It’s been said that George Miller was so impressed with this novelization of MAD MAX that he hired its writer to co-script THE ROAD WARRIOR
This isn’t the greatest movie director memoir I’ve ever read, but it is a vital one
Here it is, the first installment of my “Bedlam in Print” overview of the previous year’s publishing output.
It was the first novel by Australia’s Gabrielle Lord, who based the story on an actual crime that occurred in Australia.
FEAR IS THE RIDER also contains a great deal of Cook’s celebrated descriptive power, although that’s ultimately about the only thing it really has in its favor.
This Australian vampire thriller from the late seventies is an above average example of its type. It may not have a whole lot going for it cinematically, but is worth seeing due to a uniquely perverse script that wickedly updates the vampire myth to the eighties and beyond.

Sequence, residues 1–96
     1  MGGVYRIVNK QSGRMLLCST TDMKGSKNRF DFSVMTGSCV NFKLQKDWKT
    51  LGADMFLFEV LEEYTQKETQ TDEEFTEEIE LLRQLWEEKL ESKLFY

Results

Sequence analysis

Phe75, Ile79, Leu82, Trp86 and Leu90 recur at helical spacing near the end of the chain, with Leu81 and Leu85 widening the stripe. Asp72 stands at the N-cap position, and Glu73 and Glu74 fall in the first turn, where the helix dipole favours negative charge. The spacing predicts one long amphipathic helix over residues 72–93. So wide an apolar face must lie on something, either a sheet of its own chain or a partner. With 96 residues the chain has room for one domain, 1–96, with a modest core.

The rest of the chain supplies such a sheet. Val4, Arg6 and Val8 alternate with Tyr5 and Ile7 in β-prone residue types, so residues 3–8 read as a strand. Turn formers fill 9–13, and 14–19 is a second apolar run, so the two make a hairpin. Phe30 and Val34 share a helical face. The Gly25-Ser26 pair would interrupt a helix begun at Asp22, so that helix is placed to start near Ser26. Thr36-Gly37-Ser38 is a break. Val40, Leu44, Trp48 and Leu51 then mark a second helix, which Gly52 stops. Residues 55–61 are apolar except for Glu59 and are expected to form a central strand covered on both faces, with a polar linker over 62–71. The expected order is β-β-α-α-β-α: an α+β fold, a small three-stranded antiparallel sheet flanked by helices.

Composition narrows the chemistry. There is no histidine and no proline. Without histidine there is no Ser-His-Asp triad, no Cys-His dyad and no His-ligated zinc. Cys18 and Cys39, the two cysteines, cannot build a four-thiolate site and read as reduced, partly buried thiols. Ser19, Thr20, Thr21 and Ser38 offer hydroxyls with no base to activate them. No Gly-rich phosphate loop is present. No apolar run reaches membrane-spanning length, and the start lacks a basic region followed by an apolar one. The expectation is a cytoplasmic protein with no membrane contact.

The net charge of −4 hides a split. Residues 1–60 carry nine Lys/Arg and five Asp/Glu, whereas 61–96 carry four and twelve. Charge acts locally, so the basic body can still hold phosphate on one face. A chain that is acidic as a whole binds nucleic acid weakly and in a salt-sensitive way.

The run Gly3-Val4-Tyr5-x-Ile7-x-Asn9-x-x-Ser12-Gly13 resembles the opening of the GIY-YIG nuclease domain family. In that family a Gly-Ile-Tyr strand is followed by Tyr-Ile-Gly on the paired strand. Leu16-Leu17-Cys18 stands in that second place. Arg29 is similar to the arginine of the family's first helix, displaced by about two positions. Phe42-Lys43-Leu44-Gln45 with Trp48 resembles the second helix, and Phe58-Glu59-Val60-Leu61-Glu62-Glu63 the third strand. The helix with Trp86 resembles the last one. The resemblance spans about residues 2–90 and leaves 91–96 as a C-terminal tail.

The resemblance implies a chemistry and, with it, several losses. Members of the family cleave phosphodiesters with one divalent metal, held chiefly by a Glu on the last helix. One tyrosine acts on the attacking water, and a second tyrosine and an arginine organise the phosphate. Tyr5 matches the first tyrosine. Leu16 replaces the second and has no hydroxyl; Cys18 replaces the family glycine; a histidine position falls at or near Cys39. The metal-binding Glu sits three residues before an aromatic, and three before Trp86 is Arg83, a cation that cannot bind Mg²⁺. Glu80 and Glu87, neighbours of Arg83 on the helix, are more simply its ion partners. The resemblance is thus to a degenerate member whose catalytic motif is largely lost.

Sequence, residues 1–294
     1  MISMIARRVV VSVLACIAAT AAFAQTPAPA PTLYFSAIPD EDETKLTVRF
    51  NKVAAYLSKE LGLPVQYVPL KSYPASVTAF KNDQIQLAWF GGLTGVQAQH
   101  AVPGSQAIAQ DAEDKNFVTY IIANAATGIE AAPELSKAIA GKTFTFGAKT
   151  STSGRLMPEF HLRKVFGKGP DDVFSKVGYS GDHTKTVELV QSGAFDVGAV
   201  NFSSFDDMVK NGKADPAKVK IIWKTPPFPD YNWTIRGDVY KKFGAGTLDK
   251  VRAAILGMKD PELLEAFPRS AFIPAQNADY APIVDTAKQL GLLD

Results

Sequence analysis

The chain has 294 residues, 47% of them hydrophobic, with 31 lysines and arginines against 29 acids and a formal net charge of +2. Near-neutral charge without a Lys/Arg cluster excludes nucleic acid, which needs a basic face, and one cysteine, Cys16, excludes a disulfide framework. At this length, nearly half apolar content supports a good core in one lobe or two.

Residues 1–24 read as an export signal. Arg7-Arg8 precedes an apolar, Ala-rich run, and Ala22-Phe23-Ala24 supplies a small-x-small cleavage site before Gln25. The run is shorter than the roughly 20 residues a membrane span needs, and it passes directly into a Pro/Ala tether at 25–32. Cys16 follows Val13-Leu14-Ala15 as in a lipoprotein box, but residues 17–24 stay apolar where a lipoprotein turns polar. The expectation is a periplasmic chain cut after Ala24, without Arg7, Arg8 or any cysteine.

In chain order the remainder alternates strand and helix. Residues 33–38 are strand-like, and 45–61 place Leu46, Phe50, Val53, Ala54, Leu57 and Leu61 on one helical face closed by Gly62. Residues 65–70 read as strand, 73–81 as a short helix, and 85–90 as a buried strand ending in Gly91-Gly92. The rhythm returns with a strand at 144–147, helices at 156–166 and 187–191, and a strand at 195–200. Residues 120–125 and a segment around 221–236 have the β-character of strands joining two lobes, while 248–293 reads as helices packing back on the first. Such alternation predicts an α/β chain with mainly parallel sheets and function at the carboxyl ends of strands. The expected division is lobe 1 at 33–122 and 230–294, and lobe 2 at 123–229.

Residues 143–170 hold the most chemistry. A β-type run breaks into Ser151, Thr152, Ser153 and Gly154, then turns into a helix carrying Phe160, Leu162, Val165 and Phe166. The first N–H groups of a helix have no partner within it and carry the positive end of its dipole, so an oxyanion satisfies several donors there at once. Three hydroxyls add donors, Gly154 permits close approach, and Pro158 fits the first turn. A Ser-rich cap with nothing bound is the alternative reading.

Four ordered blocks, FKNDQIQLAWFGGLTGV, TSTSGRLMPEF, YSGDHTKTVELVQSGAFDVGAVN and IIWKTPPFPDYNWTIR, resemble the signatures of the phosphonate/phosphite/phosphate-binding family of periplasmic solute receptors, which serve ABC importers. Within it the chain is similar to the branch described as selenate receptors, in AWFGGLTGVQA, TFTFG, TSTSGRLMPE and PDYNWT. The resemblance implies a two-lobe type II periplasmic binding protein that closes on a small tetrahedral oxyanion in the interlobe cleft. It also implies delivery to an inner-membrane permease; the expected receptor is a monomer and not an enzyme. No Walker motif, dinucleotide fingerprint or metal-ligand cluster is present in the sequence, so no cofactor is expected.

Hard, mean, no-nonsense horror from Down Under, proving that Aussie-sploitation is alive and well. It’s too bad, though, about that crummy ending!
This is smart person’s horror. CLOWNS AT MIDNIGHT is the first-ever horror novel by Australia’s Terry Dowling, a short story scribe and veteran editor. His intelligence and voluminous knowledge of the genre are evident in this highly provocative account. The book is never self conscious or obscure, but getting through it takes a fair amount of thought and patience.
With this outrageous novel Australia’s late Kenneth Cook turned out his finest work since WAKE IN FRIGHT. That 1961 novel, for those who don’t know, contained an unforgettably rancid portrayal of Australian lowlife that remains unsurpassed–well, almost unsurpassed, as the short and sharp BLOODHOUSE imparts an even grungier fictional portrait of the land down under.
Australia’s late Kenneth Cook is one of the world’s great neglected writers.